Religion, thereafter, became the principal subject to occupy the boy’s mind. "Restless, inquisitive, and observant," Turner told Gray, "there was nothing that I saw or heard of to which my attention was not directed." In still more wondrous ways, the manifestation of his spiritual gifts "constantly improved at all opportunities." Turner became aware of his spiritual development.

Learning to read the language of man, nature, and God is a thematic motif that runs throughout Turner’s testament. The "1831 Confessions" text is intended as a window. Turner constructed the "1831 Confessions" as a means, as a guide, by which his life and his "great work" could be read and understood. These existential exertions, that is, these efforts to interpret and figure out how to interpret God’s presence in the world, exemplify Turner’s conception of the religious life, of living fully engaged in the world.

Turner, like other Christian slaves, considered Moses the model prophet. For Moses "was learned in all the wisdom of the Egyptians, and was mighty in words and in deeds" (Acts 7.22). According to Joseph Fichtner, Moses, the prototype for all subsequent prophets, "was given all the scientific and military training available" (Forerunners of Christ, p. 20). This spiritual legacy, Turner claimed as his own.

Literacy and broad learning, however, was not a requirement of Methodists leaders or ministers. Though many of the early itinerant Methodist preachers possessed little formal education, "[John] Wesley and [Francis] Asbury . . . did insist that the itinerants read extensively for their own spiritual growth" (The Garden of American Methodism, p. 122). According to F. Roy Johnson, "Benjamin Turner and his foreparents for three generations seem to have been unlettered or almost so" (The Nat Turner Slave Insurrection, p. 18).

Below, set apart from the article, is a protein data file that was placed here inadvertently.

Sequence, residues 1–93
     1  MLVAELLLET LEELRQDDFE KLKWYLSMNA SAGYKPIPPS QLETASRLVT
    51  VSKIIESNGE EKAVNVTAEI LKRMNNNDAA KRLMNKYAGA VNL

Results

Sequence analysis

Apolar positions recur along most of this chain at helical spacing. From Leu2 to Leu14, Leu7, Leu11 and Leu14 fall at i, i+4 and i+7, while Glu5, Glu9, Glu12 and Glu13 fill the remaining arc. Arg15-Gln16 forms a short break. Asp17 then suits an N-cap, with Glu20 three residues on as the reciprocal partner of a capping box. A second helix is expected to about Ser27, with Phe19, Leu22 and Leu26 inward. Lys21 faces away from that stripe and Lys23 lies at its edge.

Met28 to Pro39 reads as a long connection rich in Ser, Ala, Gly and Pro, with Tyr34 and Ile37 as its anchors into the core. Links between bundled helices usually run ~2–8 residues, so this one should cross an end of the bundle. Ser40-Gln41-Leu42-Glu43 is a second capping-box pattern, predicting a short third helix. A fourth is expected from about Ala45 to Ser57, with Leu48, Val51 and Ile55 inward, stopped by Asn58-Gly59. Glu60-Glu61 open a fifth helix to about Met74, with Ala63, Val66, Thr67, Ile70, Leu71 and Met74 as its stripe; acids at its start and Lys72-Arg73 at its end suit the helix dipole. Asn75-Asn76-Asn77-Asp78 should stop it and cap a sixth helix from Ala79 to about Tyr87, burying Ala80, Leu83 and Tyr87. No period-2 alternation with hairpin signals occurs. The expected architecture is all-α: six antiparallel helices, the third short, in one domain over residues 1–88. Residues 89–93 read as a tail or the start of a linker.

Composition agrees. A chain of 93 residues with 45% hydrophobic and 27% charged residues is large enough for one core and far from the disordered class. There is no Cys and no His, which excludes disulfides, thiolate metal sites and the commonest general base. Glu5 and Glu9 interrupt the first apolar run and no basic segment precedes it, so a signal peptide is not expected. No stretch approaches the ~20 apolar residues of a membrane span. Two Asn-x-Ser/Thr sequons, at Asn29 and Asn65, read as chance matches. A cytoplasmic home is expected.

In this folk environment, Turner’s literary achievements were indeed miraculous and unexplainable. Here is one of the strange paradoxes of a hierarchical society. As a child, Turner had greater literary attainments than many whites in Southampton, not only the older Turners but also other slaveowners. How could this be, if God had not had his hand in it? Turner’s precocity was the foreshadowing of a great moral dilemma: how to accommodate a God-taught person to slavery and racial oppression.

Sources Consulted

Fichtner, Joseph. Forerunners of Christ: Studies of Old Testament Characters. Milwaukee: Bruce Publishing Co., 1965.

Johnson, F. Roy. The Nat Turner Slave Insurrection. Murfreesboro, N.C.: Johnson Publishing Company, 1966.

Williams, William Henry. The Garden of American Methodism: The Delmarva Peninsula, 1769-1820. Wilmington, Delaware: Scholarly Resources, Inc., 1984.

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Nathaniel Turner: 

Christian Martyrdom in Southampton 

A Theology of Black Liberation

By Rudolph Lewis

 Chapter 6 A Mother's Prophecy / Chapter 8 Growing into Spiritual Manhood

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Garden of American Methodism

The Delmarva Peninsula, 1769-1820

By William H. A. Williams

The book explains the role the rise of Methodism played with people on the Eastern Shore of Maryland, Delaware, and Virginia during the years 1769-1820. I is important reading for Methodist history as well as Delmarva history. A growing consensus among historians recognizes this Chesapeake region as the center not only of Methodist growth among African Americans but also as the proving ground for the future of the movement in the new country. Delmarva is celebrated by "the garden of American Methodism." It was home for many years to Francis Asbury, the "father of American Methodism" and fostered perhaps the strongest sectional opposition to slavery in the early US church.